Come take my hand
We’re riding out tonight to case the promised land …
So Mary, climb in
It’s a town full of losers, I’m pulling out of here to win.
With some artists, that might be the climax of the show, but Springsteen was only just beginning. An immense ‘Backstreets’, featuring an impassioned Bruce guitar solo came next, followed by ‘Born To Run’ and the irresistable sardonicism of ‘Glory Days’. The ritual of ‘Dancing in the Dark’ with Bruce picking a young woman out of the crowd to dance with him led into what has now become another sacred ritual at these shows: in ‘Tenth Avenue Freeze-Out’, when he reaches the line about ‘the big man’ joining the band, Springsteen pauses while video footage of his saxophonist Clarence Clemons and keyboardist Danny Federici is shown in tribute to much-loved and missed band members.
Tonight, life and energy endure. For the last hour, the stadium lights are set to full beam, as Thunder Road and Born to Run blare out like clarion calls. The Isley Brothers’ Shout and Bobby Jean end the main set, with their leader crying out “One more time! One more time!” like a demon possessed. It’s a madness, really, rock stardom, just like dressing up as Father Christmas in May. But if this isn’t magic, then nothing else is.
The encore performance of ‘Shout’ was thunderous, followed rather inexplicably by what, for me, is one of the weakest songs on The River, ‘Bobby Jean’. Then it was goodbyes, as The Boss bellowed: ‘You’ve just seen the heart stoppin’, pants-droppin’, booty shakin’, earth quakin’, love makin’, viagra takin’ history makin’, legendary…E! STREET! BAND!’
But he did return to the stage, alone, for a second encore – a spine-tingling acoustic version of one of his finest songs only to be found on Tracks, that collection of songs that never made it to an album. ‘This Hard Land’ tells of those who have ‘been blowing around from town to town, looking for a place to stand’. People who have ‘made their bed from the rock on the mountainside’ and scrabbled for a life in ‘the dirt of this hard land’. All around there is decay and emptiness:
Now even the rain it don’t come ’round
It don’t come ’round here no more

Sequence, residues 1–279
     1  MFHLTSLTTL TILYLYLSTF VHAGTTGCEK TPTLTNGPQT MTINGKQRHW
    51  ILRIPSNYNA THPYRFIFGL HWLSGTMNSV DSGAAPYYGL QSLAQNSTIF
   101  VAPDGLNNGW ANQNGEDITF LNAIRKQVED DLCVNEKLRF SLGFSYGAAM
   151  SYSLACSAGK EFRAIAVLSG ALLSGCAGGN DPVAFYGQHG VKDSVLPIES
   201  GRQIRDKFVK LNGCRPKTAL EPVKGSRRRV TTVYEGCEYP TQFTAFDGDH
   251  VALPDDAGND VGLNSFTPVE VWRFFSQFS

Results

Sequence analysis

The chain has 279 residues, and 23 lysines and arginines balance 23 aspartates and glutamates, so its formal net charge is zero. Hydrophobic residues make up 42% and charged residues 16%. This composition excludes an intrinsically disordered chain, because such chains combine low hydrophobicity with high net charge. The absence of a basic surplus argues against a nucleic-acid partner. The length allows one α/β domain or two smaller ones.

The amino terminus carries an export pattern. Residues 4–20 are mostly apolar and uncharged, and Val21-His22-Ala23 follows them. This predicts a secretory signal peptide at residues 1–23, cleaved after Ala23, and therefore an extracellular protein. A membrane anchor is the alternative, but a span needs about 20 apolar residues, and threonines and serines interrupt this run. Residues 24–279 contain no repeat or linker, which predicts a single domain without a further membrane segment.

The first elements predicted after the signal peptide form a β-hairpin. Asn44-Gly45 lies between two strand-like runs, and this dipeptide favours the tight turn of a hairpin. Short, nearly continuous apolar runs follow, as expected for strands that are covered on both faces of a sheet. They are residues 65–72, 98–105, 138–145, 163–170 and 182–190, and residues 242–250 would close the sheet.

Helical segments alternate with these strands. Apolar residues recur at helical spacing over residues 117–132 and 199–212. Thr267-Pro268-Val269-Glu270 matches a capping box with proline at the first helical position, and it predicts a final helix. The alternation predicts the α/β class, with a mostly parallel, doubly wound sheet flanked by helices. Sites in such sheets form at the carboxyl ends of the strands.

And the only sound at night’s the wind
Slamming the back porch door
But – and these are the last words Bruce leaves us with as the rain falls steadily in the Manchester night –
Stay hard, stay hungry, stay alive
If you can
Here are two acoustic versions of the song from YouTube; the first from 2013 features a heartfelt intro by Bruce:
While this one is from the San Sebastian show in the current tour, and gives a sense of his performance and the stage set-up in Manchester:
As we were filing out of the soulless, bottle-strewn stadium – just as I was musing about how a Springsteen show offers secular hymns which bind us all, for three hours at least, in a kind of holy communion of rock fellowship – over the PA they played (no doubt at Bruce’s instigation) ‘Down to the River to Pray’. Sung by Alison Krauss and a heavenly choir, it’s from the soundtrack of the Coen Brothers’ film O Brother Where Art Thou? It’s an old gospel song from far back in the 19th century, picked up by African slaves, which addresses us as ‘sisters, brothers, fathers, mothers – and sinners all’.
As I went down in the river to pray
Studying about that good old way
And who shall wear the starry crown
Good Lord, show me the way.
Bruce announced at the end of the American leg of the River Tour that in Europe he would not be playing his 1981 album in its entirety, perhaps realising that some of the darker songs might not work as well in front of a stadium crowd.
The Ties That Bind
Santa Claus Is Coming to Town
Out in the Street
Darkness on the Edge of Town
Crush on You
You Can Look (But You Better Not Touch)
I Wanna Marry You
Working on the Highway
The Promised Land
Waitin’ on a Sunny Day
Because the Night
Born to Run
Dancing in the Dark
Tenth Avenue Freeze-Out
This Hard Land (solo acoustic)
- ‘Bruce Springsteen is one of the last great showmen of his era’: Etihad Stadium Manchester review (Telegraph)
- Bruce Springsteen and the E Street Band, Etihad Stadium review: The Boss mixes it up as he proves himself an enduring treasure (Independent)
- Bruce Springsteen: the magic and the madness: Guardian review
- Bruce in Manchester: standing shoulder to shoulder in hard times: the last time, in 2012
- Posts I’ve written about Springsteen